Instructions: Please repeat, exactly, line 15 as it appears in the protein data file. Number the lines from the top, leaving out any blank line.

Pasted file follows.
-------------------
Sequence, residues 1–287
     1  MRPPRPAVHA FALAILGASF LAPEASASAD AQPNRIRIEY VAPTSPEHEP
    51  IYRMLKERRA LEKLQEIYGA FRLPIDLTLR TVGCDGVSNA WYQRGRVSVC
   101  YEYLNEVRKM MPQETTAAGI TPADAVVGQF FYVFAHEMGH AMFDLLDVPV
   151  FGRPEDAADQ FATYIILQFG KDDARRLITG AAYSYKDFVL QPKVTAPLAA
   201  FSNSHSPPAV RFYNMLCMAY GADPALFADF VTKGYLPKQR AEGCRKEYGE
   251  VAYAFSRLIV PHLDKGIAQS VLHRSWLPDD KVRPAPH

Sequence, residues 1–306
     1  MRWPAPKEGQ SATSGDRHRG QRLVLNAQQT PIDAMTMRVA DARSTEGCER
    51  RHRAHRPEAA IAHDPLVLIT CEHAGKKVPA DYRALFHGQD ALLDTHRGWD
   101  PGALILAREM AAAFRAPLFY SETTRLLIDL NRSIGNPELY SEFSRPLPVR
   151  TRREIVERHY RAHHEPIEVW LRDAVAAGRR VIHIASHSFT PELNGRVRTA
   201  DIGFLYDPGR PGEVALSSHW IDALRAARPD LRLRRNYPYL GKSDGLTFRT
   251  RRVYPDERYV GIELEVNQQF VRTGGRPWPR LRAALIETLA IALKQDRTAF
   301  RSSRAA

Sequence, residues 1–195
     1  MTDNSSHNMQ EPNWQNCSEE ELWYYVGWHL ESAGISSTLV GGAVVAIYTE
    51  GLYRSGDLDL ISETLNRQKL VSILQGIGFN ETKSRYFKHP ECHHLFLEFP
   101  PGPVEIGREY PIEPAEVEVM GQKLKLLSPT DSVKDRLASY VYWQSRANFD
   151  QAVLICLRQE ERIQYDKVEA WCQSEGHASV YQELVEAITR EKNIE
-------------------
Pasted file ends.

   301  RSSRAA